10 November 2016
Donald Trump’s confirmation as the next US president is now sinking in to a bemused world, but what does this mean for investment markets?
At the time of writing, newspaper headlines are still talking about markets 'plunging', although this turned out to be far from the truth. Many markets saw a short, sharp drop – blink and you missed it – before quickly recovering. The United States share market rose 1% on the day.
Heading into the election, investment markets have preferred Hillary Clinton over Donald Trump, with Hillary generally seen as more a 'business as usual' outcome than Trump’s policies.
But while Trump has his share of controversial policies, we need to remember that the United States political machine is not a one-man system. Split responsibilities between the US senate, House of Representatives and executive mean that there are checks and balances in place, with the more extreme outcomes likely to be revised or watered down.
Already, we have also seen signs of a more 'presidential' Donald Trump in his acceptance speech than in the days of political campaigning.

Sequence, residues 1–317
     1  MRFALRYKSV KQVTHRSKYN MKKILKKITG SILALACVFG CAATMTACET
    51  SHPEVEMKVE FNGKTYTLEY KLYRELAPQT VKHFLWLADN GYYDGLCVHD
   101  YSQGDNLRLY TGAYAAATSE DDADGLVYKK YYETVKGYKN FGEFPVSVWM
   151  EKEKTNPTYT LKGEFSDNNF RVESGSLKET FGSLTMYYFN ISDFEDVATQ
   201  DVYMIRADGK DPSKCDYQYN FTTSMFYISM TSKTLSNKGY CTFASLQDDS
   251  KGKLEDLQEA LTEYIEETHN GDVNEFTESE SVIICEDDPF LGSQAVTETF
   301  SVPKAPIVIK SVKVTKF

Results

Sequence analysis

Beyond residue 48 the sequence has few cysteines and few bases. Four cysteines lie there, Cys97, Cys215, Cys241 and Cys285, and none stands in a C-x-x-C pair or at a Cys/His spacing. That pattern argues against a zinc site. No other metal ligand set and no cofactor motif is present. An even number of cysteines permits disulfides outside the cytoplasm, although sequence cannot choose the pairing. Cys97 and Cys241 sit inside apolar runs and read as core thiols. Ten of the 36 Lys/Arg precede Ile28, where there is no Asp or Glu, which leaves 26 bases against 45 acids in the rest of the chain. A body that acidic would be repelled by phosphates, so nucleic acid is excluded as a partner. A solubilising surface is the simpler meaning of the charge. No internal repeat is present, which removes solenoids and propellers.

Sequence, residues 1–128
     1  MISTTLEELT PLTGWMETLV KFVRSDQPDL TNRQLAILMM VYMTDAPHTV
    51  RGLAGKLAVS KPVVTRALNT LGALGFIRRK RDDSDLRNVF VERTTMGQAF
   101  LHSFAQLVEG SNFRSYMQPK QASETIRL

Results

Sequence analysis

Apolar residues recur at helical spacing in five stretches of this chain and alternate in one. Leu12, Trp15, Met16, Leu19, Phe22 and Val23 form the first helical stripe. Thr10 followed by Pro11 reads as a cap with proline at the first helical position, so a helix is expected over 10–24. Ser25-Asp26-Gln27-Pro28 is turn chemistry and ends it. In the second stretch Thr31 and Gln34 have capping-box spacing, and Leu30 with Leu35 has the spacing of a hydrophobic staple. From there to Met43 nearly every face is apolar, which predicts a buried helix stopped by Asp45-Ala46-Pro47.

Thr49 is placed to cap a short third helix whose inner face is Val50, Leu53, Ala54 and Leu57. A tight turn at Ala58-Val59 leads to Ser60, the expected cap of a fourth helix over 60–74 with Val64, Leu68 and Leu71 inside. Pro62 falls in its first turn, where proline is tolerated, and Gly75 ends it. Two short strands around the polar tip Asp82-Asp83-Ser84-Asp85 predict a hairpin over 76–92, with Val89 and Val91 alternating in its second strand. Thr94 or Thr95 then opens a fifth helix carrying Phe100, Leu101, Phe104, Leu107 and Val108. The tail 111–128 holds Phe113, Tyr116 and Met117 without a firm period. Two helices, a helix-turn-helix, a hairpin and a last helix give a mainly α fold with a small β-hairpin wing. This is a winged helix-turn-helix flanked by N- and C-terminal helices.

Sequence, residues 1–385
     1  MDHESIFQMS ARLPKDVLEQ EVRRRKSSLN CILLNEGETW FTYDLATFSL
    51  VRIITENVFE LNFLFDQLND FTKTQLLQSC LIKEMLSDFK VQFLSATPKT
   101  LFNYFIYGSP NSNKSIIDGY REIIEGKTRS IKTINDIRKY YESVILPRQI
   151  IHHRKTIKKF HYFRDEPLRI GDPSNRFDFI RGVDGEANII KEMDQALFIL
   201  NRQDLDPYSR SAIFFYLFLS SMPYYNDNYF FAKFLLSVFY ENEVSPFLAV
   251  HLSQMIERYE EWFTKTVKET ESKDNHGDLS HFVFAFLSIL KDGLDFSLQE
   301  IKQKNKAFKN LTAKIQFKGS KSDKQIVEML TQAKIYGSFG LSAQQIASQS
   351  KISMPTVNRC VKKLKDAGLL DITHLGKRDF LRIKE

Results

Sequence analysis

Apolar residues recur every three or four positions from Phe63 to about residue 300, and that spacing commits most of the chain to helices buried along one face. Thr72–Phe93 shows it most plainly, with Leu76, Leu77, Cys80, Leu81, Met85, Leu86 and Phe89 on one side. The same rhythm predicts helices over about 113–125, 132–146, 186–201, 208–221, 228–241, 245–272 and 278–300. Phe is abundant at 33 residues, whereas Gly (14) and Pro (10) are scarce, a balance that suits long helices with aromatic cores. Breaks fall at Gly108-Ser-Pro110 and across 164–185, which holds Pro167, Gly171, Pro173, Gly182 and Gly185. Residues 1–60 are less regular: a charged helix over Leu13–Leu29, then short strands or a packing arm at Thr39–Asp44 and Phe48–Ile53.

The general theme of Trump's policies has some positives for the US economy.
It’s likely that we’ve – finally! – seen the end of 'austerity' in the US, with promised spending on infrastructure to come – whether or not this is fully implemented.
This is supportive for share markets, even at the cost of some upward pressure on interest rates, which will be guiding our decision-making on fixed interest investments.
We will likely see more clarity on international policies in the months to come, with pre-election promises better seen as a general tone than hard details.
Stepping back, while policy-makers do matter, in general it is helpful to remember that economics 'trumps' politicians.
United States shares have risen over 100% during the past seven years, but largely not because Barack Obama was in office. Larger market forces – a gradual global economic recovery and lower interest rates – have driven the outcome.
At the other end of the spectrum, Australia has gone through five prime ministers during Obama’s two presidential terms – and the Australian economy has still grown steadily.
While investment markets were initially rattled by Trump’s victory, ultimately, most events like this tend to run the risk of distracting from a long-term approach to investing.
For most investors, what happens over 5 to 10 years matters a lot more than what happens day to day.
Keeping an eye firmly on that goal is the most important thing that most of us can do.
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